How to be a Better Manager

They say that being a manager is both art and science. Being better at your job than your other co-workers doesn’t automatically mean that you would be a great manager. Knowing how a martial arts school operates is one big factor, but being a boss is more than that.

I’m sure we all had that supervisor who was disrespectful, selfish, and just made office life hell for everybody. Sure, work output was ok and it was delivered on schedule, but at what price? People who are promoted to this kind of level and power should know that being superior doesn’t give them the license to overstep on boundaries, promote stress, play favorites, and make threats. These attitudes might be effective for the short term, but if you want your martial arts school to be successful and prosperous in the long term, then changes must be made. Here are some tips on how to be a better manager.

Don’t Bark Orders, Develop Talent


Barking orders is just one form of micromanagement. Micromanaging your team can make sure work is done, but most of the strain will be put on the part of the manager plus it will destroy morale and just be counterproductive. Instead of ordering every move of your employees, develop their talents and trust them to do their jobs. Let them make a couple of mistakes (as long as they don’t repeat the same mistake again.) If you trust them to do their work on their own, they will feel that they are valuable to your company. It will improve morale and sooner or later, you will have a team of highly proficient people. They will be happier and your work will be easier. Win win.

Highlight Team Efforts


It’s okay to celebrate your personal achievements, but a great manager would prefer to rejoice team efforts. Picking and assembling a good team is a skill that is developed by great managers through time and experience. If your team does something good, always give credit where credit is due. Give compliments and don’t hog all the glory. At the end of the day, they are still your team, you’re responsible for them and their success.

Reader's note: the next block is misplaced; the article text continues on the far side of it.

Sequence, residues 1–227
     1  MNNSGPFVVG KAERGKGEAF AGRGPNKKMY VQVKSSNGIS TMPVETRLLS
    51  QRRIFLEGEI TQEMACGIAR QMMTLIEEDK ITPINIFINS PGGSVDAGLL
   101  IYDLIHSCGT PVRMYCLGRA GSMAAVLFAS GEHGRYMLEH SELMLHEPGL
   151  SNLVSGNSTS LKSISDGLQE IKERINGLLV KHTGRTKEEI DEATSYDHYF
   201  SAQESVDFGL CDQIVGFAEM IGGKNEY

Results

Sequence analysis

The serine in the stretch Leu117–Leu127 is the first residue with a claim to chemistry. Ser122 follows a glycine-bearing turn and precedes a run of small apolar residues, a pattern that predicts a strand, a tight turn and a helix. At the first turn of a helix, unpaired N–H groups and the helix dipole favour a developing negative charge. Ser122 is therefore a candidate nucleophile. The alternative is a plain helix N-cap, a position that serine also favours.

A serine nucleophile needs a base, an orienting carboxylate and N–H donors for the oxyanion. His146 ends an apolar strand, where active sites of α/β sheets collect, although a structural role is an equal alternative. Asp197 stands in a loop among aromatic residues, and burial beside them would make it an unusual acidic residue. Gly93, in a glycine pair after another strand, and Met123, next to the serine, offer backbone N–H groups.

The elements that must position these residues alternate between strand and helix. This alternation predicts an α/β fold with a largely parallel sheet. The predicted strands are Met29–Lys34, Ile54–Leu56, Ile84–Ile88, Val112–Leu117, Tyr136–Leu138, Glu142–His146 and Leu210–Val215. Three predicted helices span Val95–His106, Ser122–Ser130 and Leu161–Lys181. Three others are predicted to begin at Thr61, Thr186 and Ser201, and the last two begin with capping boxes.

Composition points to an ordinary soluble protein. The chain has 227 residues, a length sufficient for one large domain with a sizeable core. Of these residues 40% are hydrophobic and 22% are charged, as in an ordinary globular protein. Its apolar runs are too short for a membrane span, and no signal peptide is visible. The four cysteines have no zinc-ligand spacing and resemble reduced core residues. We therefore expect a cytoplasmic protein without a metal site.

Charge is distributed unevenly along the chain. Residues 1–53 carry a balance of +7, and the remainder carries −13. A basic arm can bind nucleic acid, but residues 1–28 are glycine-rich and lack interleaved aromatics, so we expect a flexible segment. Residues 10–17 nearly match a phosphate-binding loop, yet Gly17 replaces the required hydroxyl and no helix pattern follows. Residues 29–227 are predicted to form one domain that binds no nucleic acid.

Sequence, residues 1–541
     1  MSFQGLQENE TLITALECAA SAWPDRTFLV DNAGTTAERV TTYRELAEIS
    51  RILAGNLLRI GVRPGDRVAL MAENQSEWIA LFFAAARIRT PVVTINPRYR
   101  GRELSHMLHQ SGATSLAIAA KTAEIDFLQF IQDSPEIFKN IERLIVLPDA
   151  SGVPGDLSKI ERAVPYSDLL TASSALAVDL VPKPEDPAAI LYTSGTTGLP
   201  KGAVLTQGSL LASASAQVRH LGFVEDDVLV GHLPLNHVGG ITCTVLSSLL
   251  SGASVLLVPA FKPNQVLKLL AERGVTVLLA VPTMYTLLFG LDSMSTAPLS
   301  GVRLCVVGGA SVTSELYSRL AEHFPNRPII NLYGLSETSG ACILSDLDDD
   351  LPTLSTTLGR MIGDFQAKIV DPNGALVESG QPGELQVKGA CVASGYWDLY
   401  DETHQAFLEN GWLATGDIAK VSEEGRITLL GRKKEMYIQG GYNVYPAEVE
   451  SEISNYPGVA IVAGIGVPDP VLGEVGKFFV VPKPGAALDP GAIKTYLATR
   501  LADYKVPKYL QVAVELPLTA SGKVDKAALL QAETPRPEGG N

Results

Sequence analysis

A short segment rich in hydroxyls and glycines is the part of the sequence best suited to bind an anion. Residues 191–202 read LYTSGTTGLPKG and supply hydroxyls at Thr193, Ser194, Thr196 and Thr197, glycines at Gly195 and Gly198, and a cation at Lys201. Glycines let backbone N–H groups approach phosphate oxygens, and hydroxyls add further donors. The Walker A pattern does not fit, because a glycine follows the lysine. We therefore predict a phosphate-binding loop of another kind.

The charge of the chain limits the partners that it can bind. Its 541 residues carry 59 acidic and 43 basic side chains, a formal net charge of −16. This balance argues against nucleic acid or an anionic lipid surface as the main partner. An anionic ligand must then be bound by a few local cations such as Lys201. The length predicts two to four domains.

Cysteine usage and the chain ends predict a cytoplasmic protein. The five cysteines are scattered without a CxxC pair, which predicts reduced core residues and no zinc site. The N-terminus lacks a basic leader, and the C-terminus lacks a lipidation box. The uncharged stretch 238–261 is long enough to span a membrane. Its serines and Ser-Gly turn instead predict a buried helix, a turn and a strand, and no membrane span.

Don’t Dominate, Collaborate


Leaders feel the need to, well, lead. But leading a team is not dominating them to what you only want. Instead of doing only what you think is right, hear them out and listen to what they have to say. Collaborate with your team and choose the best ideas. You can also apply this to meetings. Instead of having a presentation, make it a group discussion. You might be surprised of what they have to say.

Being a good manager also promotes a better working environment which increases the chance of your employees staying in your martial arts school. If you still don’t want to change your ways and be the boss that everybody hates, chances are, you won’t see your current employees for far too long.

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